But over the ensuing years, knowledge about ecology grew and public attitudes about natural-resource management changed. Wilderness areas were established, land claims of Alaskan natives were settled, alternative uses such as commercial fishing, tourism, recreation, and traditional native food-gathering received increased attention.

Today, every management plan and every adjustment in the timber-sale program is the arena for fights over the Tongass's trees, streams, mountains, fish, and animals. Logging supporters argue that generous timber contracts are the lifeblood of an industry that has few other timber sources, now that Native-owned forest lands have been depleted of their trees. Ecologists point out, however, that the federal Tongass Forest lost $23 million in 1992 alone. To illustrate what's behind such loss figures: Alaska Pulp's recently cancelled liberal contract would have enabled it to buy lumber in a certain area at $2 per thousand board-feet when current bidders have paid up to $95.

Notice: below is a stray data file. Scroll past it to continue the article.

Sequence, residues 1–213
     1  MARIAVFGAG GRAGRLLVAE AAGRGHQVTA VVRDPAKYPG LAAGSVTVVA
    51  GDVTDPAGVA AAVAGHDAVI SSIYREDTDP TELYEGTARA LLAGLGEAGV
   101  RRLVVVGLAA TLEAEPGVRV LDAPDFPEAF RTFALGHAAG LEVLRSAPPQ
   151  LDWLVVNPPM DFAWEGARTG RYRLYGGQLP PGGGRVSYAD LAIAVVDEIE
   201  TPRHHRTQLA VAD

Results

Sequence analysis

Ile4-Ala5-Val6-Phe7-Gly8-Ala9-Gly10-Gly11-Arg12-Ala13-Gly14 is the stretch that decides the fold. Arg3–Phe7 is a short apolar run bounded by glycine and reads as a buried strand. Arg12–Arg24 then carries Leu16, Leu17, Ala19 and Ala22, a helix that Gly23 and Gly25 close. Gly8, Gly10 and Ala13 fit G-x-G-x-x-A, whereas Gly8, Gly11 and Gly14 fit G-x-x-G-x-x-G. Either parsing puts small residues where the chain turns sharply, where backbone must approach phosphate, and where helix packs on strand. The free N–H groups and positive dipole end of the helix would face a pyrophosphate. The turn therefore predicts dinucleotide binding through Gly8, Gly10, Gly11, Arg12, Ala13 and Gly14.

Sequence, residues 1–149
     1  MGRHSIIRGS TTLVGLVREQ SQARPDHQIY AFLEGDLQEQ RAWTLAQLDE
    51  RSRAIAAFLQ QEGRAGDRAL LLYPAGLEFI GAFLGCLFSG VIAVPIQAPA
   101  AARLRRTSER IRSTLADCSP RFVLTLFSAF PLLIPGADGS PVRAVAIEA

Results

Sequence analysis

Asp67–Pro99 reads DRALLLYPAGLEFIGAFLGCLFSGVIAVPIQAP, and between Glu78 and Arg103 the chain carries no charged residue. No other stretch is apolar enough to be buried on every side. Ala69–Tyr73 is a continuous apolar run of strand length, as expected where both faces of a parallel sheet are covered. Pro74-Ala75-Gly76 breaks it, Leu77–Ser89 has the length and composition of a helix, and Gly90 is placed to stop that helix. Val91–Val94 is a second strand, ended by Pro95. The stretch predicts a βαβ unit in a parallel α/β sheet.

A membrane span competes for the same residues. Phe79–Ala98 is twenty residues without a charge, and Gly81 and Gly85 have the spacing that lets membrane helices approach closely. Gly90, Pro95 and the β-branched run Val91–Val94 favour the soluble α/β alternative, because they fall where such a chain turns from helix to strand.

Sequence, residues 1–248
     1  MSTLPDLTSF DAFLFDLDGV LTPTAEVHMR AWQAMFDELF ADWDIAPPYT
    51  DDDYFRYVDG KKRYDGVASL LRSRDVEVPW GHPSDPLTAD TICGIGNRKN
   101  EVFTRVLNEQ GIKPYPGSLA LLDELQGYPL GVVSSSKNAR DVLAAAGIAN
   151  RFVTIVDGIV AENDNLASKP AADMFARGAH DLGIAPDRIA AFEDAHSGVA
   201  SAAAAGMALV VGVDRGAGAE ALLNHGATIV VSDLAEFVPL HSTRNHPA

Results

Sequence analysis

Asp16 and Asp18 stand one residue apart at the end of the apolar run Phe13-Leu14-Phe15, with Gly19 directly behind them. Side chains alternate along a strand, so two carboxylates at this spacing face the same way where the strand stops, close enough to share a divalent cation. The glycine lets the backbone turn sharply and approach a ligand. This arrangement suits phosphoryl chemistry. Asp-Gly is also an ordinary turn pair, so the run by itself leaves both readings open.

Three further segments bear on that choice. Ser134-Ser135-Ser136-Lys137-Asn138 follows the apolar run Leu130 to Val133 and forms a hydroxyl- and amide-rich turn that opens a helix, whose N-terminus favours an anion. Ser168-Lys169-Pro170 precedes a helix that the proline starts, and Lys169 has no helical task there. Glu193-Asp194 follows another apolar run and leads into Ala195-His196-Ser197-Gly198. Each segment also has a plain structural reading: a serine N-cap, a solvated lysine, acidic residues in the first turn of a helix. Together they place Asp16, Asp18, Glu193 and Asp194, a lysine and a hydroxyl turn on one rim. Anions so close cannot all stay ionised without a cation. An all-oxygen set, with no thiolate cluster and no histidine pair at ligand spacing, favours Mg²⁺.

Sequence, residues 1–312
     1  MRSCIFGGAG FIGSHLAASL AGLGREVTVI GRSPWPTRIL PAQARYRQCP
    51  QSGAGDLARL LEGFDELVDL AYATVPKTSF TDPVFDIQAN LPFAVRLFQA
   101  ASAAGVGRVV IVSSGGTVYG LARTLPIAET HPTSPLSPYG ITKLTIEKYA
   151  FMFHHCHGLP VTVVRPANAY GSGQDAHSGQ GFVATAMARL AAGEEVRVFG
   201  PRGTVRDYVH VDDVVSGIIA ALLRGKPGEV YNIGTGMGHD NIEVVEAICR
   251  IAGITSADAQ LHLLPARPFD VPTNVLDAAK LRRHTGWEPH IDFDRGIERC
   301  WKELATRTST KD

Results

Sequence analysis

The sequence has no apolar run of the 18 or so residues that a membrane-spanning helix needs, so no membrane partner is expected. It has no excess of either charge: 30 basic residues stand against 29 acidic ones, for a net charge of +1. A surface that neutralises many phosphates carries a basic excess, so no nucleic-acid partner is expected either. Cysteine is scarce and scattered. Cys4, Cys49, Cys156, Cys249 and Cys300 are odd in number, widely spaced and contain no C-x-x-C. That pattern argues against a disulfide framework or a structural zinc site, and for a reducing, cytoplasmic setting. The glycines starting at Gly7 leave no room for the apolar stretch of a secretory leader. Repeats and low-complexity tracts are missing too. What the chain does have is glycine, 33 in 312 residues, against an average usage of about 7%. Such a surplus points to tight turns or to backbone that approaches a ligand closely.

The end of that contract triggered another step by Alaska Pulp. It shut down a sawmill Nov. 30 for the winter, and perhaps longer, claiming the Forest Service was not supplying enough timber. But the company declined to bid in a sale of 27 million board feet that was held a day before it said it would close the mill.

Critics of Tongass timber practices have lost key allies with the Republican takeover of Congress. Nonetheless, Alaska Pulp vows it has pulled out of the Tongass pulp business for good.

*Second of two articles. The first appeared Jan. 6.